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Beyond the Numbers: Estate Tax Policy Musings

Beyond the Numbers: Estate Tax Policy Musings

With the 2016 tax deadline behind us, Americans can now turn their focus to 2017. With a new year, and especially with a new administration, comes the likelihood of changes to the tax code. Since early in his campaign, President Trump has made clear his intention to do away with the federal estate tax. Whether this comes in the form of a full repeal is up for debate, but with Trump in office and a GOP-controlled Congress, some type of estate tax reform is likely on the horizon.  
The federal estate tax exemption ($5.49 million in 2017) has climbed to a point where most Americans are unlikely to know someone whose estate is subject to the tax, let alone be affected by the tax themselves. Of the people who died in 2015, only one-fifth of one percent had taxable estates. The estate tax has become a tax only affecting the über-rich, hitting fewer than 5,000 families each year. Annual revenue generated by estate taxes accounts for less than one percent of all federal revenue.   
Looking solely at the numbers, even the leftmost leaning liberals may begin to wonder if retaining the current estate tax system makes sense in light of the relatively modest impact it has on the federal budget. However, as is the case with most taxes, the effectiveness of the estate tax cannot be measured solely by the revenue it generates. There are a number of tax policy considerations upon which the federal estate tax is built, all of which must be addressed in any conversation about estate tax reform.
Taxing the transfer of wealth is hardly a recent concept. Death taxes were levied in ancient Egypt, in Rome under Caesar Augustus and by the U.S. as early as 1797. The modern U.S. estate tax system evolved in large part because of concern over the concentration of wealth (and the resultant political power) in a small number of American families after the Industrial Revolution. One needs to look no further than to the public outcry over recent presidential cabinet nominations to see that many Americans share this concern today. 
Fairness is oftentimes at the center of any tax policy analysis. Fairness is measured by considering whether the tax appropriately reflects the benefits received and whether the taxpayer has the ability to pay the tax. Opponents of the estate tax claim it is inherently unfair, as it taxes the rich disproportionately in order to redistribute wealth. Proponents argue the tax is fair because such redistribution is necessary to prevent the U.S. from devolving into a plutocratic state.
Aside from fairness, one should consider what behaviors are encouraged (or discouraged) by the estate tax, and how would repeal (or reform) affect those behaviors? For example, because bequests to charitable organizations are deductible for estate tax purposes, the estate tax is often thought to encourage charitable giving. Proponents cite studies that predict a repeal of the estate tax would decrease charitable giving at death by over 30%. Opponents, however, claim the estate tax causes the wealthy to delay making large charitable gifts until death, resulting in years of lost revenue for non-profits.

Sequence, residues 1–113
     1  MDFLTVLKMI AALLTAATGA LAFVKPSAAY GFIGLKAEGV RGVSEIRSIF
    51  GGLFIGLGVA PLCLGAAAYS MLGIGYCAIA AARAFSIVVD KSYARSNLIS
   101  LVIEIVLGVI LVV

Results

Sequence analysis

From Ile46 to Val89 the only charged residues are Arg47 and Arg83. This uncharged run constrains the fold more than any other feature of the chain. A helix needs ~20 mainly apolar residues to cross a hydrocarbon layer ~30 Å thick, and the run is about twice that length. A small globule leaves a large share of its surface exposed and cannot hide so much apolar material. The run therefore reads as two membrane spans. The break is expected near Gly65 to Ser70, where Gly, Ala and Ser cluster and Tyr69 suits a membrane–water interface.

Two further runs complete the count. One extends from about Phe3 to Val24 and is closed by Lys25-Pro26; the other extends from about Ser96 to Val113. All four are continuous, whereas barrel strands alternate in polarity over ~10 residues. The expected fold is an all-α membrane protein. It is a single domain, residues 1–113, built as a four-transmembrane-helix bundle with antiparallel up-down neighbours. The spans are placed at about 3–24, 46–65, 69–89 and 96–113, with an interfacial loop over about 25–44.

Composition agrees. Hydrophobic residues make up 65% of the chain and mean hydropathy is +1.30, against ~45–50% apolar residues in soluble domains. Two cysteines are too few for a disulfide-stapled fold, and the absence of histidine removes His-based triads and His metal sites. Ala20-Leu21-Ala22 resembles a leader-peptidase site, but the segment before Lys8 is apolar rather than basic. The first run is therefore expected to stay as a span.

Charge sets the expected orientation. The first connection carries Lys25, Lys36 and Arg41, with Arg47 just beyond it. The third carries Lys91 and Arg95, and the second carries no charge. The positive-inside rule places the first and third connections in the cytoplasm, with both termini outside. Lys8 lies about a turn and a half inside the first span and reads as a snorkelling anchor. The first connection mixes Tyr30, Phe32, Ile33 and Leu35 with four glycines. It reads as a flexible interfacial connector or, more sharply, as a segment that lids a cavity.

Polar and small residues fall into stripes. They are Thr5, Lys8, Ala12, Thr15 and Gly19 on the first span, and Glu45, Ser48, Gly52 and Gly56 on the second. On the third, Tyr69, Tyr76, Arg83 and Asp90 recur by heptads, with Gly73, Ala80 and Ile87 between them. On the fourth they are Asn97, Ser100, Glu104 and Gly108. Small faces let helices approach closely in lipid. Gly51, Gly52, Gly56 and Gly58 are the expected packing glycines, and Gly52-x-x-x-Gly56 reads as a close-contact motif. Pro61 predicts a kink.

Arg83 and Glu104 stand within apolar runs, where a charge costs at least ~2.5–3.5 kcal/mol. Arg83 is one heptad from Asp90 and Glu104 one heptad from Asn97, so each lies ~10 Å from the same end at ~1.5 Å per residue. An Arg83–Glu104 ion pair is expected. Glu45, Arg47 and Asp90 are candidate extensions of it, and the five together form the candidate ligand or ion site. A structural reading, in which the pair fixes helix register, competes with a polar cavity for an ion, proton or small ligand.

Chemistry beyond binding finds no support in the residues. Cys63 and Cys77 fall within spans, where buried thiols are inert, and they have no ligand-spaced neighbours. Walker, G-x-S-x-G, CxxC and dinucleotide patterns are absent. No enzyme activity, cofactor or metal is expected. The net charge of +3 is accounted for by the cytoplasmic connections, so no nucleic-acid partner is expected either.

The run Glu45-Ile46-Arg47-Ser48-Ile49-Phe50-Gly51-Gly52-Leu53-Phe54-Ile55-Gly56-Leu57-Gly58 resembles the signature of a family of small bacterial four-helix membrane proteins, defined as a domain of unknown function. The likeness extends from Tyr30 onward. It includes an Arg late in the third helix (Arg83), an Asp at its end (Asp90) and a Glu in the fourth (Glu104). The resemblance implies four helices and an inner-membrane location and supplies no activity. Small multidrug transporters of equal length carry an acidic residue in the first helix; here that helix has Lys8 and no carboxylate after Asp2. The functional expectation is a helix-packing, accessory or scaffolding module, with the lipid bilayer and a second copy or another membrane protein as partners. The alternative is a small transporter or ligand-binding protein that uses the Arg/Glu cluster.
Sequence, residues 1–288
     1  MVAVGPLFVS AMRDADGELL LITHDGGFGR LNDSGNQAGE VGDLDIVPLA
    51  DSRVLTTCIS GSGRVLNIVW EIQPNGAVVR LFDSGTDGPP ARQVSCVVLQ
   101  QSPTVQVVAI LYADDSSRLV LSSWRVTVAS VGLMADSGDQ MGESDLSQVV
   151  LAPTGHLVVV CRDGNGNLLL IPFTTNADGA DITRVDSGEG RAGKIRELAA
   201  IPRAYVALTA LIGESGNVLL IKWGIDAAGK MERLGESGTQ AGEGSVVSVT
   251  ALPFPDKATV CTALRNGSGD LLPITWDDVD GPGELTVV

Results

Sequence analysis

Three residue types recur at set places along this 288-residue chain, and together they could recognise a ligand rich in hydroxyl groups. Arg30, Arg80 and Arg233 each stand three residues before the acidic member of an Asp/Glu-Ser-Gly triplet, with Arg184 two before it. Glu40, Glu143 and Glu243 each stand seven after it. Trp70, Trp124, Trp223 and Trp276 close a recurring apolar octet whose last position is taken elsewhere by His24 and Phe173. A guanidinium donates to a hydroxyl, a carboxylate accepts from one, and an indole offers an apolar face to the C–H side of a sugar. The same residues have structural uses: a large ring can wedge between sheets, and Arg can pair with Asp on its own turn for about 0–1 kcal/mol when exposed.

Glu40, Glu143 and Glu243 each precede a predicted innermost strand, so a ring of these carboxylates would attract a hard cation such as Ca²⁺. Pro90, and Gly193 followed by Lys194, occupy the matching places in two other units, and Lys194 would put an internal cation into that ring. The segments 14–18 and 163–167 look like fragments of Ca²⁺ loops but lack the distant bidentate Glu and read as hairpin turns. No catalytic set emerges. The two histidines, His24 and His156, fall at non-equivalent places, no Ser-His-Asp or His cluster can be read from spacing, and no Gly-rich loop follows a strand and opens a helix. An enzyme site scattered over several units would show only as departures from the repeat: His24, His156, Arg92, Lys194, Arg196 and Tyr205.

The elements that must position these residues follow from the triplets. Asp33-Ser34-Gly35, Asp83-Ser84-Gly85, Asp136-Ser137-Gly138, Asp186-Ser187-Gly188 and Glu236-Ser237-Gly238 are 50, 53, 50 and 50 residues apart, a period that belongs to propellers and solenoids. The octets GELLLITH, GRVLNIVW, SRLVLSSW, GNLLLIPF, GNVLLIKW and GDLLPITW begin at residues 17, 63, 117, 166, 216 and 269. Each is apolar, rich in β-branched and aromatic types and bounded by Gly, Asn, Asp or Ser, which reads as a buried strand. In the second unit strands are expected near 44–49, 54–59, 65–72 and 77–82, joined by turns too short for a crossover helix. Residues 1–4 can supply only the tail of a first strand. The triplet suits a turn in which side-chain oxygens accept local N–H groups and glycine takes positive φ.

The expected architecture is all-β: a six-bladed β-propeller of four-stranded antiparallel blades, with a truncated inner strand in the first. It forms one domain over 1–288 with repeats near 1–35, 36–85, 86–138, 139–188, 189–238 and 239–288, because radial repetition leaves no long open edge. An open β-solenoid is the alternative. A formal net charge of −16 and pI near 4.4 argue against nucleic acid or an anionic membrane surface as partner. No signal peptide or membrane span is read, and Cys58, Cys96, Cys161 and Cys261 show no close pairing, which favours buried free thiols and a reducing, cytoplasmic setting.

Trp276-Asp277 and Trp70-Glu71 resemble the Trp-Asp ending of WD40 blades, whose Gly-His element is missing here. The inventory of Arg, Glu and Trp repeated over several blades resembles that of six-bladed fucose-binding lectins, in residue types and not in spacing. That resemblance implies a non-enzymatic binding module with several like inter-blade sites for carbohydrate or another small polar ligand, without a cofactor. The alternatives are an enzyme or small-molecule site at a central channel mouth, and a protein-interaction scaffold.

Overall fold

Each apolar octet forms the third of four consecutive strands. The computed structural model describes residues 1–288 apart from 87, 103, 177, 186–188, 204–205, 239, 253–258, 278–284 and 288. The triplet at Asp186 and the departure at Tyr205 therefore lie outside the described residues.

Other behaviors thought to be influenced by the estate tax include saving, work ethic, and investment in small businesses. Opponents argue the estate tax discourages people from building wealth, as 40% of everything amassed over the exemption amount goes back to the government. This, in turn, is said to decrease the work ethic of older generations and inhibit small business investing. Proponents of the tax (unsurprisingly) claim the opposite: the estate tax motivates heirs to save and invest, and it has a positive effect on work ethic in younger generations.
There are also policy considerations as to how repeal would impact other types of taxes. The estate tax is often cited as a way of protecting the integrity of the income tax system. Without transfer taxes, what would prevent a grandmother in the highest income tax bracket from transferring her low basis stock to her low tax bracket grandchildren, who then sell the shares and give the proceeds back to grandma?  By subjecting gratuitous transfers to taxation, the government is able to catch transactions that might otherwise go untaxed. However, critics question whether the estate tax - an incredibly complicated set of rules that are difficult (and expensive) to enforce - is really an effective or practical “backstop” to the income tax.  
2016 marked the 100th year of the modern U.S. estate tax. As is the case with most things, the estate tax system is far from perfect, and change is inevitable.  However, given the tax’s history, any conversation about its reformation must include due consideration to underlying tax policy principles.

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John J. Christianson is a Shareholder and Estate Planning attorney at Gevurtz Menashe. He is a member of the Oregon and Washington state bars and focuses his practice exclusively on estate planning issues, including wills and revocable trusts, estate and gift taxes, probate administration, asset protection planning, and beneficiary and trustee representation.